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Publication numberUS2585770 A
Publication typeGrant
Publication dateFeb 12, 1952
Filing dateSep 14, 1948
Priority dateOct 16, 1947
Publication numberUS 2585770 A, US 2585770A, US-A-2585770, US2585770 A, US2585770A
InventorsHammerly Herman J
Original AssigneeGen Electric
Export CitationBiBTeX, EndNote, RefMan
External Links: USPTO, USPTO Assignment, Espacenet
Polarized power take-off for bus duct systems
US 2585770 A
Abstract  available in
Images(2)
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Claims  available in
Description  (OCR text may contain errors)

1952 H- J. HAMMERLY POLARIZED POWER TAKE-OFF FOR BUS DUCT SYSTEMS Original Filed Oct. 16, 1947 2 SI-IEETSSHEET l FIG. I.

INVENTOR HERMAN u. HAM/LIKELY A O'RNEY Feb. 12, 1952 HAMMERLY 2,585,770

POLARIZED POWER TAKE-OFF FOR BUS DUCT SYSTEMS Original Filed Oct. 16, 1947 2 SHEETS-SHEET 2 I H I FIG.7.

FIG. 9.

INVENTOR f/[RMA/V J HAM/W672i 5% AT RNEY Patented Feb. 12, 1952 POLARIZED POWER TAKE-OFF FOR BUS DUCT SYSTEMS- Herman J. Hammerly, Plainville, C0,nn., assignor, by mesne assignments, to General Electric Company, a corporation of New York Original application October 16, 1947, Serial No.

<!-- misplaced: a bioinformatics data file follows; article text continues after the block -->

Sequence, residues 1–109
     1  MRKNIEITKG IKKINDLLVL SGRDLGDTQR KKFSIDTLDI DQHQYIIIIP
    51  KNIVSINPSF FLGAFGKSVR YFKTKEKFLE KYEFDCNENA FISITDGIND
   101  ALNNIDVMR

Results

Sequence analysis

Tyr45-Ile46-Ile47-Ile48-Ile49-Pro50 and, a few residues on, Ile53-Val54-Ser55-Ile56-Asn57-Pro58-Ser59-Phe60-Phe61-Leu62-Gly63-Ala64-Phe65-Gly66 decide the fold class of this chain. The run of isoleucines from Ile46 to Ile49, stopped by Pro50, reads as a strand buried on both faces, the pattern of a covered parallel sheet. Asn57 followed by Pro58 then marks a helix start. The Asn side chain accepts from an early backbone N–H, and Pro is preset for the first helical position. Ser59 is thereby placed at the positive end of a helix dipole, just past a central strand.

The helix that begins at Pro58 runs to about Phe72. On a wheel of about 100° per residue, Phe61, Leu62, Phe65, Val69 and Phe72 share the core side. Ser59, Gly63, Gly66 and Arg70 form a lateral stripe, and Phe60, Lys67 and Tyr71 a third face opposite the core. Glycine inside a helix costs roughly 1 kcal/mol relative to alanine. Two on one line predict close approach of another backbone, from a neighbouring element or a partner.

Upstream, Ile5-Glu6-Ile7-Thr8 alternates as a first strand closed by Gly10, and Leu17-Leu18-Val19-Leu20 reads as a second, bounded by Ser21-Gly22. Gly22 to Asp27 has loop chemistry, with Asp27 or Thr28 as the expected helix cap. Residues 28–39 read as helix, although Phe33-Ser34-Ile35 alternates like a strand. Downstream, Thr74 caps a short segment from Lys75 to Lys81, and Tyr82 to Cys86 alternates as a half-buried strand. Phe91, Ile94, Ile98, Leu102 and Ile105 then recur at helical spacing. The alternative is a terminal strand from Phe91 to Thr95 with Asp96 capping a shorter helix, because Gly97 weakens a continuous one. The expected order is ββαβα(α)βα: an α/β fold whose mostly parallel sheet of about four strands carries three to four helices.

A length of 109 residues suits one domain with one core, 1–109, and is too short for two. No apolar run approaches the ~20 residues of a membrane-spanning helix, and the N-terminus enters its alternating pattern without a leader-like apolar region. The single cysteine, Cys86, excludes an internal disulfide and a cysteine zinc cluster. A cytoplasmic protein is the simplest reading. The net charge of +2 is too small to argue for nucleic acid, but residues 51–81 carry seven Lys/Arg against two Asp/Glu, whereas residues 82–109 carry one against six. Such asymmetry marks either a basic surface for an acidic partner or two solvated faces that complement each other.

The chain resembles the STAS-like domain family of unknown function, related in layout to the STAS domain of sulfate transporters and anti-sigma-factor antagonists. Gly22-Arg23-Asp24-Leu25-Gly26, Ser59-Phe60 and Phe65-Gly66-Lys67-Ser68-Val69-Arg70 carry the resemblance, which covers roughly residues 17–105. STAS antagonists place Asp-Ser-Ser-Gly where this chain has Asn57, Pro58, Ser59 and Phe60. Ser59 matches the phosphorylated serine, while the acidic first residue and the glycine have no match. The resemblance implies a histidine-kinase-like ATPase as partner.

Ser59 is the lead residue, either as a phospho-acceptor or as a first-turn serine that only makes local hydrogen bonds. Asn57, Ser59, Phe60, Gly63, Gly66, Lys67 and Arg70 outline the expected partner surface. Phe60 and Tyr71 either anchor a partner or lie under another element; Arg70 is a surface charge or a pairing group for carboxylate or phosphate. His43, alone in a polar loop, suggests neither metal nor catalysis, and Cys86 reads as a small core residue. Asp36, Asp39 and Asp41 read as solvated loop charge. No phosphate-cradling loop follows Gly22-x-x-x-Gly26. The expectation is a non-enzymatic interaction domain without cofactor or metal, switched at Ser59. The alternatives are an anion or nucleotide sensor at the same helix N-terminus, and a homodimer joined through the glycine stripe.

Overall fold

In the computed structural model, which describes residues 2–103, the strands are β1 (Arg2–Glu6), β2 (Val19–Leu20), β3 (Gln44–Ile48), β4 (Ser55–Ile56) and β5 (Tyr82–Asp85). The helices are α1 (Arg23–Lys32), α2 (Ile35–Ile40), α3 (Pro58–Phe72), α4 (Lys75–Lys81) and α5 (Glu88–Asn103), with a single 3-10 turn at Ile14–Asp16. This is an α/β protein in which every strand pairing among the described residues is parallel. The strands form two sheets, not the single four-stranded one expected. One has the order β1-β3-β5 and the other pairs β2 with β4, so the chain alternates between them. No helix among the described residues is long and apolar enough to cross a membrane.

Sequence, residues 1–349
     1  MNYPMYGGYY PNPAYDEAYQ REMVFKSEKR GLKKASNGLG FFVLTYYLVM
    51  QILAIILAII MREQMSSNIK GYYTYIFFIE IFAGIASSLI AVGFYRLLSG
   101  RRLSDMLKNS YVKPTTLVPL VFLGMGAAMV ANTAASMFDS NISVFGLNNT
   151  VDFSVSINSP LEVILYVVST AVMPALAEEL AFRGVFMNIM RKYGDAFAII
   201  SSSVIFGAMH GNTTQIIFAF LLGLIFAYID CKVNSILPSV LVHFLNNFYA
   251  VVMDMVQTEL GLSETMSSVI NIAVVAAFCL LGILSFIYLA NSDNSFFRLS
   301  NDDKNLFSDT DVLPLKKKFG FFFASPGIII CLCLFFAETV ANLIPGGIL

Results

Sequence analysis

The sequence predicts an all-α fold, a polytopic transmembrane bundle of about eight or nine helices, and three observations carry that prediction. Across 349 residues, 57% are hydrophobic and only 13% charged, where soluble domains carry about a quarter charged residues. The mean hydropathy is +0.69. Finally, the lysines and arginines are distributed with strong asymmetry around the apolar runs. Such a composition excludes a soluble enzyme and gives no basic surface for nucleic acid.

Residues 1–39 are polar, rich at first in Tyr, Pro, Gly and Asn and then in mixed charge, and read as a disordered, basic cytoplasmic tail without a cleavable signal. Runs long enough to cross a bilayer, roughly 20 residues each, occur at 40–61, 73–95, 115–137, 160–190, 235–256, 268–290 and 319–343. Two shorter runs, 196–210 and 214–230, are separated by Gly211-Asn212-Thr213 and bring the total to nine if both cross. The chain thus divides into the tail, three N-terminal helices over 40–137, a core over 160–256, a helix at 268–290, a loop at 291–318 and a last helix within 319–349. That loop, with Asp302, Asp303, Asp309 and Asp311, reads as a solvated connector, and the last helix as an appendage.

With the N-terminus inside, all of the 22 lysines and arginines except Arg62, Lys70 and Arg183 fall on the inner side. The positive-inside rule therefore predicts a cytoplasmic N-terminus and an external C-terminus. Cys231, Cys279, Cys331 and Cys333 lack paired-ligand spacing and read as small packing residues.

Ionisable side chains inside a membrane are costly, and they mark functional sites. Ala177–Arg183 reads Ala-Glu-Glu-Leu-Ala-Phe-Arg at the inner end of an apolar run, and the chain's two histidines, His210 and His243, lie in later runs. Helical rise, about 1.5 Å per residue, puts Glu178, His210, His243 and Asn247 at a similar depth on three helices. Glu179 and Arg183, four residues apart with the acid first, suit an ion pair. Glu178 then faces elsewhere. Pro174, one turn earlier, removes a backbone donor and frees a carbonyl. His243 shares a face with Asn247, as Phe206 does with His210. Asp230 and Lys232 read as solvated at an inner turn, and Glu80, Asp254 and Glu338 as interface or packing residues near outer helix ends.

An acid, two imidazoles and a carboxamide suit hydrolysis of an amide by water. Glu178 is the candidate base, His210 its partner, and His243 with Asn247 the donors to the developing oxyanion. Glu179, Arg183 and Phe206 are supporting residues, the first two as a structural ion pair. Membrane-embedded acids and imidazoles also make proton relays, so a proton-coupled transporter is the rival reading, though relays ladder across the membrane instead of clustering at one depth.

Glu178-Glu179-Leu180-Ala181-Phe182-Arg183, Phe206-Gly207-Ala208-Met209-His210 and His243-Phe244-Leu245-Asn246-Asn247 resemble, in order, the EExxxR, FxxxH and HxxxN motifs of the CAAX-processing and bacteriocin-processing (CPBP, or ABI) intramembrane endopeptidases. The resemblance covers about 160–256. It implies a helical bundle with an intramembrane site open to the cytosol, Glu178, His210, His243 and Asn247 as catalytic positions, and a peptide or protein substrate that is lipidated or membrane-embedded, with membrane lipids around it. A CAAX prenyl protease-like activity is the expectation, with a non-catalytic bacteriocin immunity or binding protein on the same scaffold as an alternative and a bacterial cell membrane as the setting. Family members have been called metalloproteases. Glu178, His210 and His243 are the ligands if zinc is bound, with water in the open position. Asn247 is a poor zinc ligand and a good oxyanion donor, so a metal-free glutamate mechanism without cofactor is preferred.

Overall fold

780,212. Divided and this application September 14, 1948 Serial No. 49,176

3 Claims.

One object of my invention is to provide branch take-off means for a power distribution system such as set forth in my application Serial Number 780,212 filed October 16, 1947 (now Patent 2,453,314 dated November 9, 1948), from which this application is a division.

Another object of my invention is to provide branch take-offs for a power distribution system which is simple but flexible and readily adapted to installation in various ways and easy change from one arrangement to another.

Another object is to provide branch take-cits for a system which can be readily polarized.